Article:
Dear all, You all are cordially invited. Location: Technische Universität Berlin Straße des 17. Juni 136 10623 Berlin Time: Monday, June 13 - 14:15 Lecture: Matthias Beck (San Francisco State University) Title: Boundary h*-polynomials of rational polytopes Abstract:If P is a lattice polytope (i.e., P is the convex hull of finitely many integer points in R^d), Ehrhart's famous theorem asserts that the integer-point counting function |mP \cap Z^d| is a polynomial in the integer
variable m. Equivalently, the generating function \sum_{m \ge 0}
|mP \cap Z^d| t^m is a rational function of the
form h*(t)/(1-t)^{d+1}; we call h*(t) the Ehrhart h*-polynomial
of P. We know several necessary conditions for h*-polynomials,
including results by Hibi, Stanley, and Stapledon, who used an
interplay of arithmetic (integer-point structure) and
topological (local h-vectors of triangulations) data of a given
polytope. We introduce an alternative ansatz
to understand Ehrhart theory through the h*-polynomial of the boundary
of a polytope, recovering all of the above results and their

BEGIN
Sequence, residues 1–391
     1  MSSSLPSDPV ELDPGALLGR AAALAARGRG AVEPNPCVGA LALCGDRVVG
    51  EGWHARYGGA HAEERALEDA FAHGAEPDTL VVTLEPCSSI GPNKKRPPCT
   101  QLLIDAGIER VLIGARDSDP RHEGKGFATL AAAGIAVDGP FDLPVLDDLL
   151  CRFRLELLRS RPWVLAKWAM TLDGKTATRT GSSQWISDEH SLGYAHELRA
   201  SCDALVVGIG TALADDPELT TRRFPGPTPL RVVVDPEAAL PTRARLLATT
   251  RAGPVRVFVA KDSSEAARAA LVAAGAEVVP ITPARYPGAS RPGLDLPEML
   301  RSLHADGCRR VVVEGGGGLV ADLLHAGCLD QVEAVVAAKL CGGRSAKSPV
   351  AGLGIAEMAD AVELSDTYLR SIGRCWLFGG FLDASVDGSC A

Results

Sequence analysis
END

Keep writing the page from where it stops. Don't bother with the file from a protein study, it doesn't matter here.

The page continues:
extensions for rational polytopes in a unifying manner. This is joint work with Esme Bajo (UC Berkeley). Coffee & Tea Break : Room MA 316 - Third Floor Time: Monday, June 13 - 16:00 s.t. Colloquium: Andrei Comăneci (Technische Universität Berlin) Title: Tropical Medians by Transportation Abstract:The Fermat-Weber problem seeks a point that minimizes the average distance from a given sample. The problem was studied by Lin and Yoshida (2018) using the standard tropical metric with the purpose of analyzing phylogenetic data. In this talk, we argue that using a related asymmetric distance we have better geometric and algorithmic properties. The new formulation is strongly related to tropical convexity and is equivalent to a transportation problem. This gives a geometric perspective to the transportation problem, which was exploited by Tokuyama and Nakano (1995) to obtain efficient algorithms. At the end, we will see an application to computational biology: a new method for computing consensus trees. The talk is based on joint work with Michael Joswig. |